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but the remaining 52 hostages were held until January 20, 1981. People’s opinion of Iran began to change immediately following the storming of the embassy. In a letter to the editor, James A. Booker noticed: “The recent crisis in Iran has produced mixed reactions in the United States. These have ranged in tone from conciliatory to violent. There is, however, a curious characteristic which is common to many of these otherwise diverse factions: a newly discovered sense of patriotism.” This new found patriotism fueled American’s perceptions of Iran as a threat to their security. The Hostages needed to be rescued, so some supported diplomatic means and others pushed for military action. On November 4, 1979 there was confusion among the American people. The Associated Press released two articles concerning the takeover. The opening sentence of the earliest article reads, “After a three-hour skirmish with U.S. marine guards, Iranian students seized the American Embassy in Tehran Sunday and took about 100 of its staff members hostage.”8The 8 The Associated Press 4 Nov. 1979. Mark Bowden Papers.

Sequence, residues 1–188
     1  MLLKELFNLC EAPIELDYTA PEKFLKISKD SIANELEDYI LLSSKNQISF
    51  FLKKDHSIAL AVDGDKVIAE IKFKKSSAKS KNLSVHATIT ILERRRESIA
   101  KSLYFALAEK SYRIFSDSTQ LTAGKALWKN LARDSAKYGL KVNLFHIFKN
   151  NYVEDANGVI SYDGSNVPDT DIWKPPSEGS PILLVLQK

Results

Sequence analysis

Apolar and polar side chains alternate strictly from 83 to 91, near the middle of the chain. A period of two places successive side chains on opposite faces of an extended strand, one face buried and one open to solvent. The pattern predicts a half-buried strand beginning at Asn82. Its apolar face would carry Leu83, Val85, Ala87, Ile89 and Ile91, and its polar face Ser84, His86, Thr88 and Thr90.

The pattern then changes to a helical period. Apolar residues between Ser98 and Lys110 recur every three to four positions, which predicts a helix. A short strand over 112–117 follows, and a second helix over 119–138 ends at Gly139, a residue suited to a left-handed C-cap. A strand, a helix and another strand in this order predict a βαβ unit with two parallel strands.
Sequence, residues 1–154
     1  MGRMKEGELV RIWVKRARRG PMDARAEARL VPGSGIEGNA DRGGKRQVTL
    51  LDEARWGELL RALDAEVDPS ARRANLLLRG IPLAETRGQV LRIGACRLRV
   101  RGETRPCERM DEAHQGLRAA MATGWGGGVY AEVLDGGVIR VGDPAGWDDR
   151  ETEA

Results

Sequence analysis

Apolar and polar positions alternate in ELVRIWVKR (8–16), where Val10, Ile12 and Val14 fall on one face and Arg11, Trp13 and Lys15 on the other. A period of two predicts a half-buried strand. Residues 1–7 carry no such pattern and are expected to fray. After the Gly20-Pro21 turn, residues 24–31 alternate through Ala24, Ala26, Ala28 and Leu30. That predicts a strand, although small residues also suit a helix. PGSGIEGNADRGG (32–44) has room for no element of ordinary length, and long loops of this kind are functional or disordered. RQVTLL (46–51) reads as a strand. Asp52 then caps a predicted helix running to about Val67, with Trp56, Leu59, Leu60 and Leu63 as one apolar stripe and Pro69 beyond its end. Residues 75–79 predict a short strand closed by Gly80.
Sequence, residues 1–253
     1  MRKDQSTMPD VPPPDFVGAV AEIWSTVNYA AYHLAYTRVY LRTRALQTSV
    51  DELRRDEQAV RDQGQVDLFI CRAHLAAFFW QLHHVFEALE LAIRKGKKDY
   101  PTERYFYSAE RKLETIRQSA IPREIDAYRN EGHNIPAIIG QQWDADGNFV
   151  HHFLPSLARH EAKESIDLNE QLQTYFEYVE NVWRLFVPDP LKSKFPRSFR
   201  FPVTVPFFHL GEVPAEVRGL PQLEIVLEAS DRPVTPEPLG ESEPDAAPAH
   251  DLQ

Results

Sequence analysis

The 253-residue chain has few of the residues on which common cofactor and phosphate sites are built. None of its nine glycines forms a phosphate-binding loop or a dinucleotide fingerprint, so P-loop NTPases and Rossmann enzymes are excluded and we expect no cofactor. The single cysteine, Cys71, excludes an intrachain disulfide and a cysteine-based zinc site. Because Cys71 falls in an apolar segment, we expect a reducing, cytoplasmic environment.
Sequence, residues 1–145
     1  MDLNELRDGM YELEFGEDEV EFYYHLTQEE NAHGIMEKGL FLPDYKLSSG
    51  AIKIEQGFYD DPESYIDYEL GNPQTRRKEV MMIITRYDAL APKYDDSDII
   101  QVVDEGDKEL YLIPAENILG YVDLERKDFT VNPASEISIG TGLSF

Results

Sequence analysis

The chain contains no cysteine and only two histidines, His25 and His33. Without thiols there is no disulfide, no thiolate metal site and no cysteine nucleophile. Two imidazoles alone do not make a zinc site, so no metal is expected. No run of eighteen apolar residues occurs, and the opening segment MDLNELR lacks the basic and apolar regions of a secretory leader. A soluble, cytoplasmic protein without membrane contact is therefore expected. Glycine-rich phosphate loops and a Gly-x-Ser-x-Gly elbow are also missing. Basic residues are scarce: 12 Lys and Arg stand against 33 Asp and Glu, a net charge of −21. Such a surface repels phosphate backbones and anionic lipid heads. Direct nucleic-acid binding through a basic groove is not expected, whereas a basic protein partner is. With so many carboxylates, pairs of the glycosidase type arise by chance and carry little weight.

8first article describes the situation as a “skirmish” and does not describe the Iranian students in a derogatory way. The second article, published on the same day, possesses a different tone: “A mob of Iranian students overran U.S. marines in a three-hour struggle Sunday and invaded the American Embassy.”8The situation has escalated to a “struggle” and the students have now become a “mob” that has “invaded” the embassy. The tone of the media influenced the American public to voice their opinion on the crisis. An unnamed staffer at the Birmingham Post-Herald is quoted as saying: “The lines have just been jammed. Calls are stacked up. As soon as you hang up there's another call. Most are mad, some say that they want military action to free the hostages, others approve of the diplomatic route being taken. And some are calling that have never contacted their senators before.”9The news channels also began their report on the situation. Pictures of the mistreated hostages were released to the public. The students became “terrorists” and Khomeini became a “fanatical” who had no regard for human rights.8 The American people were inundated with reports of the unsafe nature of Iran and the strong hatred towards America. By day four of the hostage situation Americans were urged to leave Iran. The Associated Press began to publish articles stating that the Iranian capturers were mistreating the American hostages. An anonymous U.S official was quoted as saying: “The hostages were being pushed around, abused, intimidated, and mishandled.”10The images of Americans being mistreated heightened the resentment and anger felt by Americans. President Carter on December 4,1979 made a television appearance. He began his speech with: “I speak to you at a somber time. Fifty Americans continue to be held captive in Iran, 9 "Reactions to the Hostage Crisis." The American Experience. PBS, n.d. Web. 11 Nov. 2013.